Whether you’re dancing through the woods for a whimsical woodland photo shoot or walking down a grassy aisle at your woodsy wedding, this whimsical floral crown is a breathtaking headpiece that is sure to turn heads.
- Artificial flowers
- Artificial greenery
- Artificial twiggy vine
- Floral wire (in a spool or in the long, straight pieces)
- Floral tape (you should only end up needing one roll for this project)
Common Tools That You’ll Need:
- Wire cutters
- Hot glue gun
- Tape measure
Use a soft tape measure to measure around your head where you would like your floral crown to sit. I measured 20” around my head, but since I want to make this crown adjustable down to smaller head sizes than mine, I am going to make the floral part of the crown a bit shorter and the adjustable ribbon ties a bit longer. I decided to make the floral part of my crown 18” in length, and that ended up working out perfectly!
So, with all of that being said, step one is to lay your tape measure out flat on a table, and arrange a few twiggy vine pieces so that they form a line that is the appropriate length (in my case, that was 18”, as mentioned above). This twig formation is going to be the base of our crown, and will even show through in a few spots to enhance the woodland look!
Use your floral tape to firmly wrap your line of twigs at both ends – anchoring the various pieces together. The key with floral tape is to stretch it as you wrap. The stickiness of the tape is activated by stretching, so if you simply wrap the tape around without pulling it, the adhesive won’t activate, and the tape will not hold anything together.
Before we start attaching flowers to the crown base, we need to attach the adjustable ribbon ties at the back of the crown. Cut two ribbons, about 6”-12” in length (you can always trim them shorter later!)
This step is identical on both ends of the twig crown base: about two inches up from the end of the twig, tie a very firm knot with the ribbon. It’s best if you can loop the ribbon through a fork in the twig before tying the knot (see the photo on the left for Step 3). Once you’ve tied the knot, run the ribbon down towards the end of the twig and let the excess hang freely. Use your floral tape to once again wrap the end of the twig crown, this time encompassing the ribbon running along the twig.
Time to start attaching the flowers and greenery! This is where things really come down to your own personal flare and sense of floral arranging. I chose a few lovely little white roses to start off, and began at the front of the crown, facing the stems of the flowers towards the back of the crown (running the length of the twigs towards the ribbons). Pinch your first flower, or cluster of flowers, in place with your fingers, and use floral tape to firmly cinch the stems to the twig base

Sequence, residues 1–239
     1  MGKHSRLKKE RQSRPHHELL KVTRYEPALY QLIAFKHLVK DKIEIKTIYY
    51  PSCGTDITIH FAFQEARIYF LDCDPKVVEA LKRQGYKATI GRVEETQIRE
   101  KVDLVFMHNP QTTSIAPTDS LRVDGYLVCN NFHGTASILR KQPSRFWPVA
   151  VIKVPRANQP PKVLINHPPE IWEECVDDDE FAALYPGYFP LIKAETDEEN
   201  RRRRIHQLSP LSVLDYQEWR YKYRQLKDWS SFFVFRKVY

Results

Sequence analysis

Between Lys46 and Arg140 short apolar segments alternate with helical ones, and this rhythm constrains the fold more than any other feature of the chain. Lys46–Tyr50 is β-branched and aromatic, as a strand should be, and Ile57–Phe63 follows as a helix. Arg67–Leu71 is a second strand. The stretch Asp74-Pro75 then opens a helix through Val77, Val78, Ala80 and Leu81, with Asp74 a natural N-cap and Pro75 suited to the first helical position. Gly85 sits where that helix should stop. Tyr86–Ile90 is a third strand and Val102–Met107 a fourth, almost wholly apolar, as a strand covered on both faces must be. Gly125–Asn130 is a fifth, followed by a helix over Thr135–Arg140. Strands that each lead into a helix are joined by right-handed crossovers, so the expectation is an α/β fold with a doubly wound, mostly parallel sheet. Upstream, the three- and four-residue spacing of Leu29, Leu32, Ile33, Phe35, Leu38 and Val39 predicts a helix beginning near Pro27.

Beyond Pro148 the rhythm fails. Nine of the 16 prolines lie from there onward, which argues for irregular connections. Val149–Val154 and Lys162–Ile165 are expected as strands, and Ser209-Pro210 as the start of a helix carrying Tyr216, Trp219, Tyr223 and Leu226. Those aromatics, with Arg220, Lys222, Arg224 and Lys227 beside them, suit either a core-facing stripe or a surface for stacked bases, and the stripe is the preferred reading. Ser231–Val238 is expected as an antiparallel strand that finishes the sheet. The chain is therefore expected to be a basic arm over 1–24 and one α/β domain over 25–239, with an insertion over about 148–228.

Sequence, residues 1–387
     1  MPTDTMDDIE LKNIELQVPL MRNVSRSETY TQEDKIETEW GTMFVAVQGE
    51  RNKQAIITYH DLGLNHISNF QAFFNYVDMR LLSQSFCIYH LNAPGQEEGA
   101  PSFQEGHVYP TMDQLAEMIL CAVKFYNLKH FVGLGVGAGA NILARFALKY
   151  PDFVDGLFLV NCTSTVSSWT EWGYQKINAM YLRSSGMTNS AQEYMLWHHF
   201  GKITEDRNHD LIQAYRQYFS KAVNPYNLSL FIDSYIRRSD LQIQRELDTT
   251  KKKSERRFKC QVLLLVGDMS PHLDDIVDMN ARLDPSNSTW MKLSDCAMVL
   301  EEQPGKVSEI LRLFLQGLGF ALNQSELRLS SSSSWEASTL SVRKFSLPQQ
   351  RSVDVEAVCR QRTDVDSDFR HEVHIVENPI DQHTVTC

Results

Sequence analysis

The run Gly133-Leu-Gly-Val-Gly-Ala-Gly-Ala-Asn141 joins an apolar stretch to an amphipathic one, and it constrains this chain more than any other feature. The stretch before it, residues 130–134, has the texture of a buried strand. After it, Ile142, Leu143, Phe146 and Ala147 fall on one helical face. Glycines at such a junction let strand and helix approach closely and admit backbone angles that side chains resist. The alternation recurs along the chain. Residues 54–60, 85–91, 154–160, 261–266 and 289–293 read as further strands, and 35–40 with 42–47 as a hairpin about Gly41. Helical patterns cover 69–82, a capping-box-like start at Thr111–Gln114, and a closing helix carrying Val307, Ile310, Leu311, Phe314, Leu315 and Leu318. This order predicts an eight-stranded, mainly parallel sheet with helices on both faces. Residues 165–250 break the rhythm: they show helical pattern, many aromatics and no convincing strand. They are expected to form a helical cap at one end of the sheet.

Repeat that step over and over, adding flowers and greenery, and wording from the front for the crown towards the back. Notice that in the photo for Step 5, I’ve tied on those leaves with the floral wire instead of the floral tape. That’s because the wire worked better for holding that bit of thickness in place with the leaves, but it’s overkill with the tiny little rose stems. Use a combination of floral tape and floral wire as you go around the crown attaching the lovely flowers and leaves.
When you reach the back of your crown, and find yourself a few inches away from the ribbon at the very end of the twigs, you’re going to do something just a bit different. We don’t want a bunch of ugly stems hanging off the back of the crown where the ribbon begins, so at the very end of the line, take a piece of greenery and flip it “backwards”, so that it goes the opposite direction of the other flowers and leaves you’ve been attaching. Use floral tape to anchor it in place. Notice in the photo for Step 6, we now have a lovely transition from leaves to pink ribbon. We just have to take care of that gap in the leaves now. On to Step 7!
Hook your floral wire around the base of a succulent (or flower), and anchor that succulent right in the gap that we created in Step 6. Look how nicely that covers over everything! This is an instance where the floral wire is better than the floral tape – my succulent has no stem!
When you’ve worked from the center-front of the crown to the back on one side, repeat on the other side.
When your flower crown is done, you may notice a few accidental spots that look a little bare, or some places on the top that don’t look good from above – but not to worry! Use the miscellaneous little flower heads that you will most likely have lying around at the end of your project, and hot glue them into any bald-spots that you see on your crown.
And you’re done!
Did you enjoy our easy tutorial on how to make a flower crown? Let us know in the comments section below what your thoughts are on this DIY hair accessory. Do you have any other craft ideas you’d like to share? Share it with us and we’ll give it a try. We love doing cool DIY projects by making craft projects, home decor projects, upcycling ideas, recipes, tutorials and anything you can do yourself. That’s why we created this site, we want people to be more in touch with their creative side and realize that there’s a lot of things that they can do themselves. We’d love to hear from you and create a community of DIY enthusiasts where any project is just a click away. Stay connected with us on Facebook, Twitter, Pinterest and Instagram!